-The last ritual of the initiation process is known as Asiento (ascending the throne), and is the most important and the most secretive ritual in Santería, as it is the ceremony where the iyawo (bride of the orisha) becomes "born again" into the faith. This ritual is a culmination of the previous rituals, and cannot be made unless the others have been completed. Asiento is a process of purification and divination whereby the initiated becomes like a newborn baby and begins a new life of deeper growth within the faith.

 

Once the initiation is completed, depending on the individuals "house", there is a year-long waiting period, known as iyaboraje, in which the newly appointed Priest and Priestess can not perform cleansings and other remedies. It is a time where the Iyawo or Bride of the Orishá must follow a strict regimen of wearing all white and must avoid physical contact with those who have not been initiated. Once the ebo del año has been completed there will be an end of year ceremony, which will enable the Priest or Priestess to consult clients, perform cleansings, provide remedies and perform initiations. Accordingly, "they are also regarded as royalty in the religion, as they are considered representatives of the Orishás and are vested with the power to work with the forces of those Orishás in full."

 

With Santería rituals there are musical ceremonies and prayers which are referred to as bembé, toque de santo, or tambor. It is a celebration dedicated to an Orishá, where the batá drums (set of three drums) are played in the Orishá's honor. Through these sacred drums, messages of worshippers reach the orishás and the orishás respond to their devotees. These drums are used only by men and must always be treated with respect; for example, dancers must never turn their backs towards the drums while dancing, as it is considered disrespectful.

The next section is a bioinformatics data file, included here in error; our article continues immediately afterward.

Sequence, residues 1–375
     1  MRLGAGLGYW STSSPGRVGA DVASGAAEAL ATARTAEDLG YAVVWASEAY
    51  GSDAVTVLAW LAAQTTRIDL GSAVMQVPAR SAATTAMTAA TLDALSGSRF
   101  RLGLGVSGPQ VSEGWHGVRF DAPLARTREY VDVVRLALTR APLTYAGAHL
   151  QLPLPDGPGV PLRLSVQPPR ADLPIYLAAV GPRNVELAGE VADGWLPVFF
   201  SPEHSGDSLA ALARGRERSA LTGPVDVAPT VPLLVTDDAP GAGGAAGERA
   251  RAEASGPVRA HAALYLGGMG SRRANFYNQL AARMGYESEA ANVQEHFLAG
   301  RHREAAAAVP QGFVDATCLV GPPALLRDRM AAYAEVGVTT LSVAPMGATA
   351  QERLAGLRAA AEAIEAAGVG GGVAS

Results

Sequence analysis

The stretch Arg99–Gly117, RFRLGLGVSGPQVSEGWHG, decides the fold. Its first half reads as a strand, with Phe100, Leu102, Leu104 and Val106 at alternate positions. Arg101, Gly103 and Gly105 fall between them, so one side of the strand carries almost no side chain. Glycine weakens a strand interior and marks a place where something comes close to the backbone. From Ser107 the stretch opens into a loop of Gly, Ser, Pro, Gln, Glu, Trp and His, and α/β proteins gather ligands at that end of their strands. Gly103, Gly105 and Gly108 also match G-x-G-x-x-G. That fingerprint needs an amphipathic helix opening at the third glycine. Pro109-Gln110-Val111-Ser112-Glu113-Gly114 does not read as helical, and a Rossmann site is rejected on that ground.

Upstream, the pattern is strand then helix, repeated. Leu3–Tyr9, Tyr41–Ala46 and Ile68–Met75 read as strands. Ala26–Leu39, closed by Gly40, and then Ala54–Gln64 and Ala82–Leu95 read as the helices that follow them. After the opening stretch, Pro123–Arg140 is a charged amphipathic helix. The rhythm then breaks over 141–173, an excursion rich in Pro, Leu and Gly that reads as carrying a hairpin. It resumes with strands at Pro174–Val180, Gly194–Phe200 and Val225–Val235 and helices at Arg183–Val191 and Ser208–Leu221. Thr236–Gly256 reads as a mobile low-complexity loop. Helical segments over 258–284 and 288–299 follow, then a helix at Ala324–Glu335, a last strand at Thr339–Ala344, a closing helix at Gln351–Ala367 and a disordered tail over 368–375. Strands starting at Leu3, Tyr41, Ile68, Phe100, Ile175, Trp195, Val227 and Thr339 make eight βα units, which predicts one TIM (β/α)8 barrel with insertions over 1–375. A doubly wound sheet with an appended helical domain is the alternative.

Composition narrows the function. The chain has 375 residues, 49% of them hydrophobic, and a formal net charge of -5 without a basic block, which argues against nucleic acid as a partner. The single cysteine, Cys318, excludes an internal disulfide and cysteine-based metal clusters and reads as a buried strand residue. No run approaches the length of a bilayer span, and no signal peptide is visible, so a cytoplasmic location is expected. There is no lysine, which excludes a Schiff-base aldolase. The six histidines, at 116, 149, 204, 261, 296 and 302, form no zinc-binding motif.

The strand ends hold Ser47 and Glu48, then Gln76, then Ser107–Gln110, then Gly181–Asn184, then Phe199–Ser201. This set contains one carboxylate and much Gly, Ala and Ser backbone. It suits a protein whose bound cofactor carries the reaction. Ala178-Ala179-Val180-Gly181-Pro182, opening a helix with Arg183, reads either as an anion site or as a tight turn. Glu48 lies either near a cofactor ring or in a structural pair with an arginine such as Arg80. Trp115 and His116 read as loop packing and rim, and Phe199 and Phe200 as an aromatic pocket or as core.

It is a challenge to try to determine how many people practice the Santeria religion because there is no central organization that keeps track of membership. It is mostly a closed, private religion. A person must be initiated into Santeria in order to gain more information. However, some estimate that there are as many as one hundred million Santeria followers around the world.

 

The traditional Yorùbá religion and its Santería counterpart are mainly found in Africa (notably West Africa) and the Americas (notably the Caribbean), including Cuba, Puerto Rico, Dominican Republic, Panama, Colombia, Venezuela, and the United States, mainly as a result of Cuban and Puerto Rican migration.

 

In 2001, there were an estimated 22,000 practitioners in the US alone, but the number may be higher as some practitioners may be reluctant to disclose their religion on a government census or to an academic researcher. Of those living in the United States, some are fully committed priests and priestesses, others are "godchildren" or members of a particular house-tradition, and many are non-committal clients seeking help with their everyday problems

 

The Santeria religion is a cult that Christians would be wise to avoid. Santeria followers believe in none of the fundamental biblical truths of the Christian faith. They rely on rituals and animal sacrifices to gain favor and help from their spirits, rather than on the sacrifice of Christ and the saving grace of the One True God.

 

If you know someone who is practicing Santeria, the most powerful thing you can do is pray for him or her (James 5:16, “The effectual fervent prayer of a righteous man availeth much.”)   

 

Then, when given an opportunity, relay the message of salvation through Christ (Romans 10:9–10, “That if thou shalt confess with thy mouth the Lord Jesus, and shalt believe in thine heart that God hath raised him from the dead, thou shalt be saved. For with the heart man believeth unto righteousness; and with the mouth confession is made unto salvation.”)

 

Finally, live your life in a Christ-honoring way so that all can see how you are different because of Christ (1 Peter 3:15, “But sanctify the Lord God in your hearts: and be ready always to give an answer to every man that asketh you a reason of the hope that is in you with meekness and fear.”) Trust that the Holy Spirit will do the work of drawing, convincing, and converting the heart.